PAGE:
‘Lenox Hill’ offers a mix of happiness and sadness, by focusing on the lives of four physicians who struggle to ensure the best for their patients. The documentary makes a point to highlight what motivates them, along with capturing who they are outside their scrubs and gloves. Even though the primary focus is on the four physicians, the documentary pans its lens to those who are involved in their daily lives- their family, friends, colleagues, and of course, the patients. As Dr. Macri puts it, one of the elemental things about the job is the different kinds of people they come in contact with on a day-to-day basis.
Who is Dr. Mitchell Levine?
Dr. Mitchell Levine is the Director of Spine Surgery at Lenox Hill. Additionally, he is also an assistant professor at the Hofstra North Shore-LIJ School of Medicine. His narrative is captured in a small segment, along with the four main figures, the documentary puts its central focus on. He is first shown in a meeting of the neurosurgery department, voicing out what he thinks are real concerns in some of the ideas posited for improvement. However, later he is shown to be diagnosed with cancer in the neck area. This not only affects him but his entire team, who is presented with this news on the day of the neurosurgery retreat.
Dr. Levine thus talks about the harsh reality of being met with the same disease he has treated and studied all his life. Even doctors like Dr. John Boockvar state it as a ‘humbling experience.’ Though he initially wanted to be treated in Lenox Hill, he is later stated to have opted for treatment in Houston. During the neurosurgery retreat, he says, “I gotta figure it out, what my statistics is. And, uh, I’m not gonna let the worry about my future destroy my present. That’s the key…You know something? The bottom line. Takeaway point, it’s a really nice day today.” Thus, Dr. Levine presents the side of having treated patients in the neurosurgery department and being its own patient in several ways.
Though the focus placed on him is relatively less, it does have a point. Dr. Levine says that he doesn’t want pity but also admits that he has called his children home, because it’s human to want to be close to loved ones at a time like this, regardless of whatever ego one may possess, and this in many ways is the truth of life behind those who endure the hardships of grave illnesses like cancer. It’s less about the disease and more about what it does to you as a person.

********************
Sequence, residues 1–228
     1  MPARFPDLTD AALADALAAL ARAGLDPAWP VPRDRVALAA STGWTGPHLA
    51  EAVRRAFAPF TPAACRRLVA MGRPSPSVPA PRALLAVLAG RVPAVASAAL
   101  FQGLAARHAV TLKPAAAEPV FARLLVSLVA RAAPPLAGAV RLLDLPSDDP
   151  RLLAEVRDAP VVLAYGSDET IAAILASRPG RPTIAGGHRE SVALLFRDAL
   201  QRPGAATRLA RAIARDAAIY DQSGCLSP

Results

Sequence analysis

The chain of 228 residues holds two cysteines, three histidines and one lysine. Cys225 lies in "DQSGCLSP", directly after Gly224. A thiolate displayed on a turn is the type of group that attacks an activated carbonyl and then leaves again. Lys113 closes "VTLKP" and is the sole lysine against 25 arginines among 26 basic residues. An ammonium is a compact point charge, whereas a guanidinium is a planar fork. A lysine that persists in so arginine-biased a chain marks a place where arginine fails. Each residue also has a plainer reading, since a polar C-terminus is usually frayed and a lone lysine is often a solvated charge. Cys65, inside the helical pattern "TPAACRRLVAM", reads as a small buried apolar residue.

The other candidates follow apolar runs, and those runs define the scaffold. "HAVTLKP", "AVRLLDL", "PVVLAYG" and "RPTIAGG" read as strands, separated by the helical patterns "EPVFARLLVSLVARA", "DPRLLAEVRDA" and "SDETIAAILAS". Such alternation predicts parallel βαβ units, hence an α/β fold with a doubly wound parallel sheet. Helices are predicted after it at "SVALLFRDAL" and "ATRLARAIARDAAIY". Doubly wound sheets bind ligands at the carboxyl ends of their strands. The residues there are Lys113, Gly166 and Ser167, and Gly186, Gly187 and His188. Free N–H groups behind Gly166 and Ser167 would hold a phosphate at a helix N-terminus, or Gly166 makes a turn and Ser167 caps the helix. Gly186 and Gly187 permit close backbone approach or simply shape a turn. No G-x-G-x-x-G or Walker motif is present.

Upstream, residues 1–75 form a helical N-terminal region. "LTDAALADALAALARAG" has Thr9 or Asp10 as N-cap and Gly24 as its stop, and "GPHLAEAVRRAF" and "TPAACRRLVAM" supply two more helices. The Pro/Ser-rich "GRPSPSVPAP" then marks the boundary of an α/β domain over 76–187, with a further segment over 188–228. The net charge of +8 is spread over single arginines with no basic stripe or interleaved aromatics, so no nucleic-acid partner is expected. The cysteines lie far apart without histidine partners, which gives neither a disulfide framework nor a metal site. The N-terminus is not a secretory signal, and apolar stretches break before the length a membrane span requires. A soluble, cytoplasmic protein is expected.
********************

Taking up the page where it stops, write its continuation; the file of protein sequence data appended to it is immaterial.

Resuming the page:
Where is Dr. Mitchell Levine Now?
Dr. Mitchell Levine does not have much social media presence. That said, he still seems to be working based on patient reviews. One of the reviews read, “Patiently answered all my questions and put me at ease.” In another review, the patient, wrote, “Dr. Levine & his PA Keriann Tomlinson were great communicators, friendly professional & knowledgeable.”
At the end of last year, he also published a paper titled, ‘Minimally Invasive Navigated Foraminal Discectomy via Contralateral Approach Using a 3-Dimensional 4K High-Definition Exoscope: 2-Dimensional Operative Video,’ with Dr. David Langer and several others. Prior to this, the same year, he was interviewed regarding the rise in opportunities in the field of spine technology. He said, “Navigation and robotic-assisted techniques will become standard. The technology is constantly evolving and is more user friendly.” Interestingly, he has a unique hobby, which is also a small business. He makes olive oil.
One can hope that Dr. Levine is doing well despite the set back in his health, as presented in the documentary. His colleagues’ statements and the portfolio of his work are enough proof to understand the kind of contribution Dr. Levine has made to spinal neurosurgery, especially his extensive contribution to laboratory research in the field.
Read More: Where is Dr. Mirtha Macri Now?